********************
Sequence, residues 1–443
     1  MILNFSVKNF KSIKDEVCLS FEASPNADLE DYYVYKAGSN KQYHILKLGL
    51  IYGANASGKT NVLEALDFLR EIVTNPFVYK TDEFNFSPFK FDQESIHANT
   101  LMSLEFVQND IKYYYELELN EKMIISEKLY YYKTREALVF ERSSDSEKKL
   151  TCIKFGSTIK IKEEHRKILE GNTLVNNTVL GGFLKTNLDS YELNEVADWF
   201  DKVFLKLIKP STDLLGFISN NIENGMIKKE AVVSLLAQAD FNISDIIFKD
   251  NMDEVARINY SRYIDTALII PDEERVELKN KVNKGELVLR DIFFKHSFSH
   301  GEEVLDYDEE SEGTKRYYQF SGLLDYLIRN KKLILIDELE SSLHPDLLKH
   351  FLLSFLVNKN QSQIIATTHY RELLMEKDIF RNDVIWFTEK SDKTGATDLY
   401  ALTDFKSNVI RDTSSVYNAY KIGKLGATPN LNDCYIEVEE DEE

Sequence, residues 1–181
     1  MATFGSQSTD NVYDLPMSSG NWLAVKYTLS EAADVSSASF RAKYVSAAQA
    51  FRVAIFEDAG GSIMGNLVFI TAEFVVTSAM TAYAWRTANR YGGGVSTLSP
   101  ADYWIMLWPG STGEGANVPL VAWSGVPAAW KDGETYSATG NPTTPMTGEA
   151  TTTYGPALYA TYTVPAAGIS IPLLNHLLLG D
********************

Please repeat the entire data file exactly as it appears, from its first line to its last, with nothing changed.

Sequence, residues 1–443
     1  MILNFSVKNF KSIKDEVCLS FEASPNADLE DYYVYKAGSN KQYHILKLGL
    51  IYGANASGKT NVLEALDFLR EIVTNPFVYK TDEFNFSPFK FDQESIHANT
   101  LMSLEFVQND IKYYYELELN EKMIISEKLY YYKTREALVF ERSSDSEKKL
   151  TCIKFGSTIK IKEEHRKILE GNTLVNNTVL GGFLKTNLDS YELNEVADWF
   201  DKVFLKLIKP STDLLGFISN NIENGMIKKE AVVSLLAQAD FNISDIIFKD
   251  NMDEVARINY SRYIDTALII PDEERVELKN KVNKGELVLR DIFFKHSFSH
   301  GEEVLDYDEE SEGTKRYYQF SGLLDYLIRN KKLILIDELE SSLHPDLLKH
   351  FLLSFLVNKN QSQIIATTHY RELLMEKDIF RNDVIWFTEK SDKTGATDLY
   401  ALTDFKSNVI RDTSSVYNAY KIGKLGATPN LNDCYIEVEE DEE

Sequence, residues 1–181
     1  MATFGSQSTD NVYDLPMSSG NWLAVKYTLS EAADVSSASF RAKYVSAAQA
    51  FRVAIFEDAG GSIMGNLVFI TAEFVVTSAM TAYAWRTANR YGGGVSTLSP
   101  ADYWIMLWPG STGEGANVPL VAWSGVPAAW KDGETYSATG NPTTPMTGEA
   151  TTTYGPALYA TYTVPAAGIS IPLLNHLLLG D